Sarah Deveau: Money Matters


How Much Should I Be Saving For Retirement?

It Depends On Many Factors

This is a question I get asked a lot. In fact, it’s probably one of the most discussed financial topics out there. Some experts have created guidelines that give you an idea of what you’ll need to put aside for retirement based on your age, but there are so many other factors to consider.

How much you’ll need to save depends on what age you intend to retire at, if you have a pension, if you’ll retire with no debt, and what kind of lifestyle you expect to have in your retirement.

Personally, we’ve always followed the 10% rule – saving 10% of our gross income (income before taxes), and assuming that we’ll earn a decent rate of return.

In a recent article in the Canadian Business Journal, television host Gail Vaz-Oxlade lays it out by your age when you start saving. “If you are in your 20s, you need to save about six per cent of your income, because you have time on your side in terms of compounding interest. If you are in your 30s are you have saved nothing yet, you need to save about 10 per cent of your income. But if you are in your 40s and you have saved nothing yet you need to save about 18 per cent (the RSP contribution limit).”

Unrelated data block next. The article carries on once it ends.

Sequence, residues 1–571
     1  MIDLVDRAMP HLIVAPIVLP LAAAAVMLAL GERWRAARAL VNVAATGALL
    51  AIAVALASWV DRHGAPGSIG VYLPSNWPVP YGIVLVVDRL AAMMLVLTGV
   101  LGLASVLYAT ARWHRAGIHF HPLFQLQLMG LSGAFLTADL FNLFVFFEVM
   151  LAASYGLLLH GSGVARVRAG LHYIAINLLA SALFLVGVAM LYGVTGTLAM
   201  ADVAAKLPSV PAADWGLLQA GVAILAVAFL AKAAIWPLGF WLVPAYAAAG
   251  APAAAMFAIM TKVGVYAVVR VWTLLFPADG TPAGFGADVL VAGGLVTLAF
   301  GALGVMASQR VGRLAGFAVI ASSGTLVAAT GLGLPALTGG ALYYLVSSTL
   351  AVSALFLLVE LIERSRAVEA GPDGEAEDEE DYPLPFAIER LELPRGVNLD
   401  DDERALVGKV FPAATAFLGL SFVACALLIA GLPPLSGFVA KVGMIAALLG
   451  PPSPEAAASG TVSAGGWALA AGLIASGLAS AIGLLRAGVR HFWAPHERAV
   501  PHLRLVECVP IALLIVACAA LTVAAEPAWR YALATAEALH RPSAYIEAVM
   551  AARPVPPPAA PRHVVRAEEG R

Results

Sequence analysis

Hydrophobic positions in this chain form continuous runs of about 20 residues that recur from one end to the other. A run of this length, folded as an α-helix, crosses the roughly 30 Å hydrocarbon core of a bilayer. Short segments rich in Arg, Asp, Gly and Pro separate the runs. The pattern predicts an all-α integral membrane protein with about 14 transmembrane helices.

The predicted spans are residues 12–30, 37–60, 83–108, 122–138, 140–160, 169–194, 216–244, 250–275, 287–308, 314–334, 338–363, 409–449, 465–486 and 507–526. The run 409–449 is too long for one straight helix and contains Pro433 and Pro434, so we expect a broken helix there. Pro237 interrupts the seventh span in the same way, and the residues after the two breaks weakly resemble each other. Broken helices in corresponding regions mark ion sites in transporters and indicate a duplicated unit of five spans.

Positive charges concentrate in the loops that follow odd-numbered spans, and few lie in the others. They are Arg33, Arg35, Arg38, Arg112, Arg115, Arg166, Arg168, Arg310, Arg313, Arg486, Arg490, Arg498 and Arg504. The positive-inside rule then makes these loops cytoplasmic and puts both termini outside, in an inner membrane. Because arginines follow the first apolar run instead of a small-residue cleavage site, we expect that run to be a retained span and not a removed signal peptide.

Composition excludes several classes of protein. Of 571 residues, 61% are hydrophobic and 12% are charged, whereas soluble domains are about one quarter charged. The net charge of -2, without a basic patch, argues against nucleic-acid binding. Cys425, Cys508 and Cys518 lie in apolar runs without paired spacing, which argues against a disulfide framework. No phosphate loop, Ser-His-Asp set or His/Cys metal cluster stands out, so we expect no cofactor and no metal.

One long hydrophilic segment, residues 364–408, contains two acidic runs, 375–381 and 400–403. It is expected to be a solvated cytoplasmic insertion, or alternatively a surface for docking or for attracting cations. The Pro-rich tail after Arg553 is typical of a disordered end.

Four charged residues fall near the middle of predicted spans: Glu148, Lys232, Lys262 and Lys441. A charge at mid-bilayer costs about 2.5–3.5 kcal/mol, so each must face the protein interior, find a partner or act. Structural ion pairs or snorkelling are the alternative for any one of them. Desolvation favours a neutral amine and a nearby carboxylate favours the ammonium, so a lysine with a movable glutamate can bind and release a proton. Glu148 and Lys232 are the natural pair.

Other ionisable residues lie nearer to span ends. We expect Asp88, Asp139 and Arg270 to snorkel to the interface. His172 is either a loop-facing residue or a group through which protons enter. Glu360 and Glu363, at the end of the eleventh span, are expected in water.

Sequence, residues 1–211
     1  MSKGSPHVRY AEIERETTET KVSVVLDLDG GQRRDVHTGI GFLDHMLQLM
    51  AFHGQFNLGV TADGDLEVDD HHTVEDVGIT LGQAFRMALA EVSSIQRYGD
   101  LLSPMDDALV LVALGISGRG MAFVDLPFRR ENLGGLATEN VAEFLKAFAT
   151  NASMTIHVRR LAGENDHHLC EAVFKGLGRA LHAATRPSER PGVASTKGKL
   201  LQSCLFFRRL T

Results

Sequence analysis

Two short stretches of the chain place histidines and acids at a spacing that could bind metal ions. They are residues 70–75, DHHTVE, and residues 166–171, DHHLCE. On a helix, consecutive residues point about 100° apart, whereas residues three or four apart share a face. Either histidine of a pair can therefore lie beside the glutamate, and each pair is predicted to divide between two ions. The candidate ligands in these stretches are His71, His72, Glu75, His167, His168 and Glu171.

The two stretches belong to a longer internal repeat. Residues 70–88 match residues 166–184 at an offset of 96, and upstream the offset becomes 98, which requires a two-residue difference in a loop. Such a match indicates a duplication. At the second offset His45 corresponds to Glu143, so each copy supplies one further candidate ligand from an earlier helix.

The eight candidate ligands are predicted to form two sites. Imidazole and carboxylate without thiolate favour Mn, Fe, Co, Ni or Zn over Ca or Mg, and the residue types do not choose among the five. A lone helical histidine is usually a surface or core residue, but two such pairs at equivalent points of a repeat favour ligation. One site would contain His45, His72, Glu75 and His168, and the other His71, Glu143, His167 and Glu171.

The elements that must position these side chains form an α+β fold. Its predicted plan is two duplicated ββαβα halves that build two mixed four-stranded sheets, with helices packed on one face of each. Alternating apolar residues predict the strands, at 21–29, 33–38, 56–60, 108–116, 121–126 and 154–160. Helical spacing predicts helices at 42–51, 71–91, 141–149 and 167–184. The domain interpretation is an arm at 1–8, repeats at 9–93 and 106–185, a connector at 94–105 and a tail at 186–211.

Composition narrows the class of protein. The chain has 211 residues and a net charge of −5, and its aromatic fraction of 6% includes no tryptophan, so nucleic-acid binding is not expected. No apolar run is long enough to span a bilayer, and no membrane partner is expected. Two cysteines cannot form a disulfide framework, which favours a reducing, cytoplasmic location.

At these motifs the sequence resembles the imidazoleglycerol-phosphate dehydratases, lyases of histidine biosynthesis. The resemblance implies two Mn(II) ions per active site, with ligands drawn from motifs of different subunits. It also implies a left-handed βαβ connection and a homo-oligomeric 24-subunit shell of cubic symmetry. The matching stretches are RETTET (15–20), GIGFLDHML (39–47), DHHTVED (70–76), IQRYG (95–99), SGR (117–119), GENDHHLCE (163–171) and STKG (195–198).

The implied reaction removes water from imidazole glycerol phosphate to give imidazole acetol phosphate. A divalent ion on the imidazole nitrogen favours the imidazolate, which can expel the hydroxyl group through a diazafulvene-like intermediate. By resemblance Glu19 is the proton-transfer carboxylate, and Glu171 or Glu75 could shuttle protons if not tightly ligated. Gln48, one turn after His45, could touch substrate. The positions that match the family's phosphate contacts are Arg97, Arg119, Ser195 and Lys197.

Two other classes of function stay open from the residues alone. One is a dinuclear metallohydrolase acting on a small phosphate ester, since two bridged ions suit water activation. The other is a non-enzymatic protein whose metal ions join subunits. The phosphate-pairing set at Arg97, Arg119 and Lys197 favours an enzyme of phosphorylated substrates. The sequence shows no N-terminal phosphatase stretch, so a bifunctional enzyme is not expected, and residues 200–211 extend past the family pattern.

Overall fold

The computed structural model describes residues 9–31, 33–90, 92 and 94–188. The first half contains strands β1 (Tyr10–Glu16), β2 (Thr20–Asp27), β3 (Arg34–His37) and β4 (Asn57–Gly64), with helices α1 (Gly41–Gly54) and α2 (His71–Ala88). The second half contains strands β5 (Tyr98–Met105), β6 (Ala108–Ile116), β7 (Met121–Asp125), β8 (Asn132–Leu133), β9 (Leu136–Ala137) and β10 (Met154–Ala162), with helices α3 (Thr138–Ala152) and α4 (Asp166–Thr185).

Retirement planners used to assume that you would need about 75% of your current income after retirement. If you’re tracking your spending now, you should have a pretty good idea of whether that 75% is about right, or if you’ll need more or less, as you can predict what your expenses will be after retirement. While most retirees expect to have eliminated mortgage payments, life insurance (if you’re self-insured), debt repayment, and expenses related to your children (education, dental, clothing, food), many aren’t able to actually do so. 54% of Canadians will hold some debt in retirement.

What happens if you don’t save at all? The good news is, the government will take care of you (barely).

A 2010 MoneySense article talks about what a bare bones retirement will cost you. The article is about a study called Basic Living Expenses for the Canadian Elderly, which describes a no-frills retirement as one in which a couple rents a one-bedroom apartment plus utilities, has no vehicles, and it doesn’t include spare cash for even minor indulgences such as cable TV or alcohol (but does cover three nutritious home-prepared meals a day, along with typical health-care costs and essentials like clothing and personal-care products).

The study’s authors conclude that the annual cost of such a retirement in five major Canadian cities ranges from $20,200 to $27,400. The combination of full Old Age Security (OAS) and the Guaranteed Income Supplement (GIS) program for low-income seniors would provide you with a combined $22,750 a year if you have no other income. Canadians who have worked most of their lives would also receive substantial Canada Pension Plan payouts in retirement. A couple which receives the average CPP payout, plus maximum OAS, and some GIS can expect to receive almost $30,000 a year.

So, unless you plan to live on the bare minimum the government provides, it’s a good idea to crunch the numbers to figure out where you are and then set up a plan to get where you want to be.